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In Rome itself, Christians were imprisoned and tortured, or thrown into the arena to be devoured by lions. But persecution simply gave the sect even greater cohesion and powers of resistance - a fact not lost on Emperor Constantine. In 313 Constantine granted freedom of worship to all religions, and Christianity later became the state religion.

Before the end of the fourth century, a patriarchate was established in Constantinople with ecclesiastical jurisdiction over much of the Greek East. The basilica of Hagia Sophia (Holy Wisdom), whose construction in Constantinople was ordered by Emperor Justinian in 532, became the spiritual focus of Greek Christendom.
Constantine made an immense contribution to the spread of Christianity, but he failed in one of his primary aims. He wanted to unite all Christians in one Church, but in fact he succeeded in splitting them.The Christians of the West claimed that the Pope in Rome was the leader of Christendom. Those in the East recognised the Patriarch of Constantinople as their leader. These two forms became the Roman Catholic Church and the Eastern Ortodox Church. The Byzantine emperors maintanied a large Christian empire covering much of Asia and North Africa until a new dynamic religious force apperaed in the East. This was the religious faith of Islam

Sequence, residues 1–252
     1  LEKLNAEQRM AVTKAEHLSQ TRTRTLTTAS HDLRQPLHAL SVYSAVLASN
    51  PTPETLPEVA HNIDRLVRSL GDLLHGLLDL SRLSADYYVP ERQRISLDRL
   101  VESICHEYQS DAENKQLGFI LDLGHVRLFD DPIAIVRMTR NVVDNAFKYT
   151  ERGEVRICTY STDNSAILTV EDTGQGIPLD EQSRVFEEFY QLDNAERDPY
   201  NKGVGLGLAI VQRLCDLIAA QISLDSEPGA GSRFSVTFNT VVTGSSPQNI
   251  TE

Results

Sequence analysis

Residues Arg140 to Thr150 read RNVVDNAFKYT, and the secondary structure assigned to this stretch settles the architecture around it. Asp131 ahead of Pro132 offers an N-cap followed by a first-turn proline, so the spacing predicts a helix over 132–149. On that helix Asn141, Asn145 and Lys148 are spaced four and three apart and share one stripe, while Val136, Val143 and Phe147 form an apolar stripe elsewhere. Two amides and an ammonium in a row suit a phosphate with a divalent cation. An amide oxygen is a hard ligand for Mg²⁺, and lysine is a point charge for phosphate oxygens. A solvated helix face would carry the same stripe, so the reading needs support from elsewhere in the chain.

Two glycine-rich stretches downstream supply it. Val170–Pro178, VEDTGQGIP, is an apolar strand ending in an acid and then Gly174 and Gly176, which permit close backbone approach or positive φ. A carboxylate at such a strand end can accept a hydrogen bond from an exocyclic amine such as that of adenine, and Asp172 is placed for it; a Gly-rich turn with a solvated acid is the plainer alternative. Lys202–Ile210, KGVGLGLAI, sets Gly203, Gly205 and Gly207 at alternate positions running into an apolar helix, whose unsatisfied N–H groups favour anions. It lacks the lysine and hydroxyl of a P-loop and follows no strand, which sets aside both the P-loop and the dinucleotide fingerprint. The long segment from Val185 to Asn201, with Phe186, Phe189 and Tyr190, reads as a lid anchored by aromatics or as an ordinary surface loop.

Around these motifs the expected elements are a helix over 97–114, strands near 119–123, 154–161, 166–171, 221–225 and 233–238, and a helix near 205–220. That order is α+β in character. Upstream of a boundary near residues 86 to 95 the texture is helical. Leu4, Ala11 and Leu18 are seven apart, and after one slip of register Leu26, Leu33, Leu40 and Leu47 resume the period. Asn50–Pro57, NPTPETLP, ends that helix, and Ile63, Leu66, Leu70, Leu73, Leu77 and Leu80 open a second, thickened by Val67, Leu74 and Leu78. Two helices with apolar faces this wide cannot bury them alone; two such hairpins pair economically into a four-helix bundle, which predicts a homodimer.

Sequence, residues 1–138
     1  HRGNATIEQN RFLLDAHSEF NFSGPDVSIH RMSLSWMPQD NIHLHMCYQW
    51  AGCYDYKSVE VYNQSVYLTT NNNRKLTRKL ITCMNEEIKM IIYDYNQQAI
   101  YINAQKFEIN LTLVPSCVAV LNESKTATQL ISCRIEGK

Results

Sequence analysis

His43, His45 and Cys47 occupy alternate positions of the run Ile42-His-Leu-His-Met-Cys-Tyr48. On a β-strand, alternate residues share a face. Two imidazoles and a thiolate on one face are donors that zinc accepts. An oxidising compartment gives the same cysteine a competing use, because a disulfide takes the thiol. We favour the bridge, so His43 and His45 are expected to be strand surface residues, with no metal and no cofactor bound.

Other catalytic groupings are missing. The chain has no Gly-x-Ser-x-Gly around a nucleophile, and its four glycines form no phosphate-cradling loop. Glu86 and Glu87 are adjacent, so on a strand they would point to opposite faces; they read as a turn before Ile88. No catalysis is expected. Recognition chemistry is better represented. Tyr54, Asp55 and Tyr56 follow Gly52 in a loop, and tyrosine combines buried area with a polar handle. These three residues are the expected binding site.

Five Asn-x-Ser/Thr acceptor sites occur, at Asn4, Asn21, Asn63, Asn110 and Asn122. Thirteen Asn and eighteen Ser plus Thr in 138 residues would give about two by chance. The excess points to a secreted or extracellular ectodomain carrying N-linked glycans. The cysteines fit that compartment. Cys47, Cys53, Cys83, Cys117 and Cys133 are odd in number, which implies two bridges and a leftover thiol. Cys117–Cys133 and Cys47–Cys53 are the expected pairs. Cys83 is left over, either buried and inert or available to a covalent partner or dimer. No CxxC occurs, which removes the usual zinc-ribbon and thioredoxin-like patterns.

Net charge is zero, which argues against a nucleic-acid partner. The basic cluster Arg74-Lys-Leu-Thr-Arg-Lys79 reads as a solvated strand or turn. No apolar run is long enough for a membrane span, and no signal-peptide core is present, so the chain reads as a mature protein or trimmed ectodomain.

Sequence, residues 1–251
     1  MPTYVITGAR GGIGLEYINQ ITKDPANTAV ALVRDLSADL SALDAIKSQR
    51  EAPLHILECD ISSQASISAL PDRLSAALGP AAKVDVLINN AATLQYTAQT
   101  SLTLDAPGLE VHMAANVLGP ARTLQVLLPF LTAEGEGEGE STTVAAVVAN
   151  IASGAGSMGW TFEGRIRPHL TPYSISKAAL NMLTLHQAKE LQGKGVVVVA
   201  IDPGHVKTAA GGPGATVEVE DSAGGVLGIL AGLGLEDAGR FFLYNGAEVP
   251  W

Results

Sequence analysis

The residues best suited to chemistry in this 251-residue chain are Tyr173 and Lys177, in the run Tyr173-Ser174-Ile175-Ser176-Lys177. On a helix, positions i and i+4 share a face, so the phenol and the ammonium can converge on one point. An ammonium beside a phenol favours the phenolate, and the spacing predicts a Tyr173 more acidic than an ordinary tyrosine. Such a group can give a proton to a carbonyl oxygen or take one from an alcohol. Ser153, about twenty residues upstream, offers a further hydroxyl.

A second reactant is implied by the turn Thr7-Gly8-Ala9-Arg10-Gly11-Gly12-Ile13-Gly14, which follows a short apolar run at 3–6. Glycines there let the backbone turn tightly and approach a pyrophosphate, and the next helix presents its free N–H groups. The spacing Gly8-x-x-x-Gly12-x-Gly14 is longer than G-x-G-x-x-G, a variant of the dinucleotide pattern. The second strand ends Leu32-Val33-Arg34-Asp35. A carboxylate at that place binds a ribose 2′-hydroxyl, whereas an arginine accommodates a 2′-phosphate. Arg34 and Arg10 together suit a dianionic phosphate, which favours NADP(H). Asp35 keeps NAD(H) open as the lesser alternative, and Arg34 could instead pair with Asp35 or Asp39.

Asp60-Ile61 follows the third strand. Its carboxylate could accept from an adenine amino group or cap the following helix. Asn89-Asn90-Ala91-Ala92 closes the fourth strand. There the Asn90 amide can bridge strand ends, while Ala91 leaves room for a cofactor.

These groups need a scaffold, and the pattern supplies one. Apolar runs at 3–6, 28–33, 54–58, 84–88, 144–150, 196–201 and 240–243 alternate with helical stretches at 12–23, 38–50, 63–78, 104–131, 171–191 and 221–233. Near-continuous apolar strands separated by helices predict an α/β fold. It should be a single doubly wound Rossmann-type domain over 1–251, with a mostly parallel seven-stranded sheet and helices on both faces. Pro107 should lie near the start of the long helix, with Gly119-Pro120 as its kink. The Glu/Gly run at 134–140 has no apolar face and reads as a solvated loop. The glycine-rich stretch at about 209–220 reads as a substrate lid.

In the early seventh century, the emperor in Constantinople presided over a realm that included not only Greece and Anatolia but Syria, Egypt, Sicily, most of Italy, and the Balkans, with outposts across North Africa as far as Morocco. Anatolia was the most productive part of this extensive empire and was also the principal reservoir of manpower for its defense. With the loss of Syria to Muslim conquest in the seventh century, Anatolia became the frontier as well as the heartland of the empire. The military demands imposed on the Byzantine state to police its provinces and defend its frontiers were enormous, but despite the gradual contraction of the empire and frequent political unrest, Byzantine forces generally remained strong until the eleventh century.

The tide turned in the 9th century under dynasty of emperors which included Michael III (842-67), and later Basil's dynasty, which held the throne of Byzantium for the next two centuries. Basil's successors extended the empire's boundaries to the Euphrates, and made considerable inroads into Bulgaria.
The empire's revival continues under Basil II (976-1025), a man of strong will and courage , whose reign gave Byzantium a period of prosperity and expension as great as that enjoyed under Justinian. So succesful was his campaign agains the Bulgars in the Balkans that he became known as Basil the Bulgar-Slayer. When Basil died in 1025, the empire had reached a peak of success, though at the cost of overstraining its economy.

Byzan Church

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